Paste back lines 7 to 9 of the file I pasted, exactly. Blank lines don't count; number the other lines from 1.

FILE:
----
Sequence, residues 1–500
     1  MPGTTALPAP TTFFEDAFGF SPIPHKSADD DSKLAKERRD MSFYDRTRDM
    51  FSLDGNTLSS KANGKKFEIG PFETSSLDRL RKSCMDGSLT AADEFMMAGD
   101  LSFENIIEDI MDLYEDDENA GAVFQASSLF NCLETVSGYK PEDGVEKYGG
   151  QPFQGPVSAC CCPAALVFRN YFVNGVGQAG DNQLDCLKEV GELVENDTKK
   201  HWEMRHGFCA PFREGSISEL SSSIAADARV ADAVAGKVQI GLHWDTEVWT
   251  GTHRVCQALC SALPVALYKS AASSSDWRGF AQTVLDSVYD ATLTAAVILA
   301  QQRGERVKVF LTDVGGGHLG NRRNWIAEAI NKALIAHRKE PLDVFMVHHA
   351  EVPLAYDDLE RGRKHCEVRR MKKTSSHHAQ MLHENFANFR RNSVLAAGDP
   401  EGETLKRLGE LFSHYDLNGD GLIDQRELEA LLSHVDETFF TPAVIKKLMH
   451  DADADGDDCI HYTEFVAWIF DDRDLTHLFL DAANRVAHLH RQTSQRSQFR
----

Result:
   251  GTHRVCQALC SALPVALYKS AASSSDWRGF AQTVLDSVYD ATLTAAVILA
   301  QQRGERVKVF LTDVGGGHLG NRRNWIAEAI NKALIAHRKE PLDVFMVHHA
   351  EVPLAYDDLE RGRKHCEVRR MKKTSSHHAQ MLHENFANFR RNSVLAAGDP